THE CHALLENGE OF conjuring freshness on stage is one not easily met. The challenge of conjuring freshness on stage, and making them laugh, and making them cry, and making them stand in awestruck ovation at the end, particularly after a lifetime of being on stage, is even tougher. Now at 71, self-styled veteran South African jester Pieter Dirk Uys does it again. His Echo of a Noise is a beautifully honed, all holds barred autobiography that ramps up his stage persona considerably: nary a heel or a wig in sight.
This is Uys stripped bare, using only his words and his memories, his inimitable face and his sheer honesty to convey portraits of his loved ones: his mother, Helga; his father, Hannes and his domestic maid, Sannie. And if you’ve read Uys’s autobiography Erections and Elections, you might have an inkling as to how some of the tale unfolds, but still, the work is fresh and pure. It’s funny and frank, candid and tragic, and conveyed with an infinitesimal sense of realness that is Uys.
It’s about an adoration of Sophia Loren and of Amadeus Mozart. It’s a confrontation with the idea of heaven and that of hell. And a speculation as to where cats like Boeboe end up. It’s a piano’s journey from Germany to Africa and back again, and a confession about his mother’s identity, and it contains and is defined by earth-shattering realisations about history and horror.
One moment in Hal Ashby’s Harold and Maude (1971) makes the film, a surreal tale of death and whimsy, with the fabulous Ruth Gordon in a central role, into a Holocaust film. It’s unspoken. It’s brief. But it is so devastatingly poignant that it becomes the nub on which the whole tale rests. Something similar happens in Uys’s confrontation with his mother’s identity. It happens over a cup of tea, with a woman from his mother’s childhood, and involves a tattoo of many numbers.
But the tale does not hold tight onto terrible moments and like a spot of quicksilver, it rambles away in a diversity of directions and with nuance and tears, fondness and laughter, Uys paints his mother: a gifted pianist with secrets and great sadness but also an ability to laugh with abandon. He paints his father with a devastating sense of balance and an unequivocal focus on the vagaries of old age and the tightness of discipline and church. Above all, he paints his family’s domestic maid with fondness and hilarity, revealing her as a prism to all the idiosyncrasy that constitutes what being South African in a world torn by values and rules, meant.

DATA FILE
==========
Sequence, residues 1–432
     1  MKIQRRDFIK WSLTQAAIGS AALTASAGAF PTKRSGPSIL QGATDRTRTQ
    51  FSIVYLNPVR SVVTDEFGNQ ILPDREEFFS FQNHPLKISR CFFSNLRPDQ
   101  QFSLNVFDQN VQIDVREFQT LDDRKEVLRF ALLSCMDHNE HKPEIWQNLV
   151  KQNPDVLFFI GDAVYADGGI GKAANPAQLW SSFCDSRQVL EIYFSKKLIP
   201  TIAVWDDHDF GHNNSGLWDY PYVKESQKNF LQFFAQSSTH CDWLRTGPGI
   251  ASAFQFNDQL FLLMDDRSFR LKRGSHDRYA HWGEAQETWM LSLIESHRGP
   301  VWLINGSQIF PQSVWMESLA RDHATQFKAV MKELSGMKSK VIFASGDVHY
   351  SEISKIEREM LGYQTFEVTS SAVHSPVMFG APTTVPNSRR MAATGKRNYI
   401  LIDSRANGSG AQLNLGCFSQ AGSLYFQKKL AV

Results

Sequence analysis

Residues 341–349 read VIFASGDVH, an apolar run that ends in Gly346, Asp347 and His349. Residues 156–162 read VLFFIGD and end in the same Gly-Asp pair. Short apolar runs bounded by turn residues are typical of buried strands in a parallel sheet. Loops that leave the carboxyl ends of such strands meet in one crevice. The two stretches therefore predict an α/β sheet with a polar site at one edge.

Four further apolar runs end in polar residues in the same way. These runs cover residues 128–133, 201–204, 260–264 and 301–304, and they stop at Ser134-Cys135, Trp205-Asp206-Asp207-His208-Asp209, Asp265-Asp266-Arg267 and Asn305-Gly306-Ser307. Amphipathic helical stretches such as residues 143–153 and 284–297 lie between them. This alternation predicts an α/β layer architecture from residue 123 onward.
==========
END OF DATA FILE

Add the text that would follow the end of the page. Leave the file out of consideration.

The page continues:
Echo of a Noise contains the sadness of sudden loss and the sadness of anticipated loss that constitutes some of the fabric of being alive in this world, replete as it is with broken dreams and shams. But it doesn’t allow itself to slip into maudlin, and you’re left utterly in awe for the man who makes it happen. It’s like spending a privileged 90 minutes having an intimate cup of tea with a giant: one you won’t forget in a hurry. It will touch you deeply – and it’s worth travelling to Cape Town for, in July, if you can’t make it tomorrow in Johannesburg.
- Echo of a Noise is written and performed by Pieter-Dirk Uys at the Studio theatre, Montecasino, until April 9, and at Theatre on the Bay in Cape Town from July 4-15. Call 021-438-3301 or visit pietertoerien.co.za. See a political commentary on this show here.
- In response to popular demand, the show will be staged for another brief season at the Studio theatre, Montecasino, June 14-18.
Categories: Review, Robyn Sassen, Theatre, Uncategorized
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